Beats Beetle Bailey
March 14, 2007 9:59 PM   Subscribe

Sad Sack George Baker's subtly subversive WWII strip.
posted by klangklangston (15 comments total) 4 users marked this as a favorite
posted by interrobang at 10:26 PM on March 14, 2007

This is great stuff. Thanks, klangklangston.
posted by maryh at 10:32 PM on March 14, 2007

Sad Sack was a real fave during my tweenish years which intersected with the early 1970's. Could that history explain why these comics were plentiful even in the hinterlands where I lived?

Hey, Sack!
posted by telstar at 10:33 PM on March 14, 2007

OBITUARIES: Fred Rhoads:
Sad Sack Comics no 1 was published in September 1949. It was destined to run 287 issues, all the way to October 1982, seven years after George Baker had died. Originally the only new art was the cover cartoon, which Baker himself drew every month. Once the weekly strips ran out, a new cartoonist was needed. This was Fred Rhoads.
Harvey got Rhoads to streamline his style and produce title after new title. There came Sad Sack Goes Home (1951), Sad Sack's Funny Friends (1955), Sad Sack and Sarge (1957), Sad Sack Laugh Special (1958), Sad Sack's Army Life (1963), Sad Sad Sack World (1964), Sad Sack USA (1972), Sad Fun Around the World (1974) and even Sad Sack Navy (1972).

The new comics were hugely successful, something which Rhoads put down to his own way in which he had developed the character. "Baker was used to drawing for men in the service. His humour tended to be more dirty, more sexy, and that didn't work as well in the comic books," he said. The comic books, of course, were aimed at children, not at servicemen.

Rhoads drew Sad Sack until 1977, when suddenly Harvey stopped sending him assignments. The following year he sued Harvey for royalties on his artwork, which was then being republished every month. Rhoads had drawn a total of 9,500 pages of Sad Sack strips for an average fee of $35 each. An Arizona jury awarded Rhoads $2.5m, but Harvey appealed and won. The appeal court said that the loss was Rhoads's fault: he should have enquired about his rights long before the publisher terminated their relationship.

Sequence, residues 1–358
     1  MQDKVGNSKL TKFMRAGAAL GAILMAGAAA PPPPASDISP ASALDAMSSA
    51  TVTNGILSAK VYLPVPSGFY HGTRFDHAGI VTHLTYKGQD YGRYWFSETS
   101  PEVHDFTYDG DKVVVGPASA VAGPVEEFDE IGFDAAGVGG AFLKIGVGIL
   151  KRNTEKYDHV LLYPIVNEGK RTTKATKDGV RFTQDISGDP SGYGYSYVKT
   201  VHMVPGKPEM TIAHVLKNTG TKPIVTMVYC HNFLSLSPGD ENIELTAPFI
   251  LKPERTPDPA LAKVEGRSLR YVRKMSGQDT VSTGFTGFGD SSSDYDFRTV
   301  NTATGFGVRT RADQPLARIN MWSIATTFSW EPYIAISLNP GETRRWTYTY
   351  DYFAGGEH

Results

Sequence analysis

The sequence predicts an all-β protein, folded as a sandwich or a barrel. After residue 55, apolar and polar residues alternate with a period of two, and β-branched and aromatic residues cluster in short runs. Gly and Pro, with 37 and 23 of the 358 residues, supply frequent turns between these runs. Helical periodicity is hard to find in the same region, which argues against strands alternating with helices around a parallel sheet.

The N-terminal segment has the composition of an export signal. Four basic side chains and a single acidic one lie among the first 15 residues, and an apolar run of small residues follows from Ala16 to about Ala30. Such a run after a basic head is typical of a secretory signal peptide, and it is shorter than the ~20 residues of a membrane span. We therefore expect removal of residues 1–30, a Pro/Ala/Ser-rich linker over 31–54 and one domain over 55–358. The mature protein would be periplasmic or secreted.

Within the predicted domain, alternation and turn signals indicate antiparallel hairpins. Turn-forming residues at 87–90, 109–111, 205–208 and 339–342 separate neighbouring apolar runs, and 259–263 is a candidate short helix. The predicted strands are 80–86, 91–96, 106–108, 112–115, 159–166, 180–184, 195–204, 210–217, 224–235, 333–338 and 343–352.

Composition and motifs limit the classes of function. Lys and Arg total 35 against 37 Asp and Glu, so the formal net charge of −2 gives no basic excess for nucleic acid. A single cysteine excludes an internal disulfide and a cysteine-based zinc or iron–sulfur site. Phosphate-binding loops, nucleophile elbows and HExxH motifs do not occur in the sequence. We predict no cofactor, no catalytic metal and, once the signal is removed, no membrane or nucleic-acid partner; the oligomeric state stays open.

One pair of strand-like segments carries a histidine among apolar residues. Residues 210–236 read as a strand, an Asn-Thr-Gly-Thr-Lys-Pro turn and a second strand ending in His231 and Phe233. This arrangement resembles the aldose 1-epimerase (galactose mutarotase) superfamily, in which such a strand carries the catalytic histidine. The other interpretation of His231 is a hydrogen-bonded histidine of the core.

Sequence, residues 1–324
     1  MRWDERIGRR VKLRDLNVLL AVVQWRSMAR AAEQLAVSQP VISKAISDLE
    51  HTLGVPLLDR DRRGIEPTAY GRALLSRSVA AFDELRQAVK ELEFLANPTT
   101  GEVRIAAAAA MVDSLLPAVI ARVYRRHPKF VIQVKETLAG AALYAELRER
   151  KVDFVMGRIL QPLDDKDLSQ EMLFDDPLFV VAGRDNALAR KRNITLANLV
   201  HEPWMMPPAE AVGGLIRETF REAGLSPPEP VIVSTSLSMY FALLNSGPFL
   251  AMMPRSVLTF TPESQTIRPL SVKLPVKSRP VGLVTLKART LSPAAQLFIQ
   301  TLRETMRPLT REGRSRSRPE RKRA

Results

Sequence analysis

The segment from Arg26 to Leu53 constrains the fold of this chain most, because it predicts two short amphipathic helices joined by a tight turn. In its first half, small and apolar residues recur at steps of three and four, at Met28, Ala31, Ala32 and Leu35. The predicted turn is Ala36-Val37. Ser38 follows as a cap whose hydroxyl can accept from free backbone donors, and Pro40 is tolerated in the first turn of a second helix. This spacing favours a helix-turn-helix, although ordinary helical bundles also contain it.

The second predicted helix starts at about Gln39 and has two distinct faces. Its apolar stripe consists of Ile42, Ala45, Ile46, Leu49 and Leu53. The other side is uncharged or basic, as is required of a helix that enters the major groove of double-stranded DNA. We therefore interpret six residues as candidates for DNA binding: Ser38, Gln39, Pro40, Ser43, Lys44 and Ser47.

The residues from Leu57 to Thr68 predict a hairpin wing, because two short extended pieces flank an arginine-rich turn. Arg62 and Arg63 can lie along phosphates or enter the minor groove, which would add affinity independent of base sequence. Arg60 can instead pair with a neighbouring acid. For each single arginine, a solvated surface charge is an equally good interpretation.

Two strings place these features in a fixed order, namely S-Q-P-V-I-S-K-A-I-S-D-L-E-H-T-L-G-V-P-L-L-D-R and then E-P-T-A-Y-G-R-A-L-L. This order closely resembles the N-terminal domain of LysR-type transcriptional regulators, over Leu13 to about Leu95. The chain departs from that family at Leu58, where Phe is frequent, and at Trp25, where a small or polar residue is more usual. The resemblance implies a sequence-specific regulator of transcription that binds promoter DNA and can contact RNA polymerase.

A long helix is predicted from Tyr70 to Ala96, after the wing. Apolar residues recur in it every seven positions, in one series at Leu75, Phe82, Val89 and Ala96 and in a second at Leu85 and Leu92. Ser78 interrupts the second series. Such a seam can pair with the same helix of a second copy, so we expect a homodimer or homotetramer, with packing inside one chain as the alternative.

Bankrupted by the legal battle, Rhoads went back to work in 1985, drawing cartoons for his local newspaper, the Tucson Citizen. In 1989 he was seen at a San Diego comic convention, selling Sad Sack artwork to his fans. He was 78 when he died, never having once signed his name to a single Sad Sack strip.
Sacked. Sad.
posted by cenoxo at 11:00 PM on March 14, 2007

Yeah, unfortunately, the Yank stuff is the only stuff that I think is truly great. Everything else has kinda a blah feel to it.
posted by klangklangston at 11:23 PM on March 14, 2007

"subtly subversive" -- well, yeah, I guess so. Sort of Beetle Bailey-ish with its fairly gentle lampooning of Army life.

Having grown up thoroughly exposed to the work of Bill Mauldin, who won the 1945 Pulitzer for editorial cartooning with his "Willie and Joe" cartoons in the Stars and Stripes, I found Sad Sack a little bland in that area. Nice trip down memory lane for me, though -- thanks for posting this, kk'ston.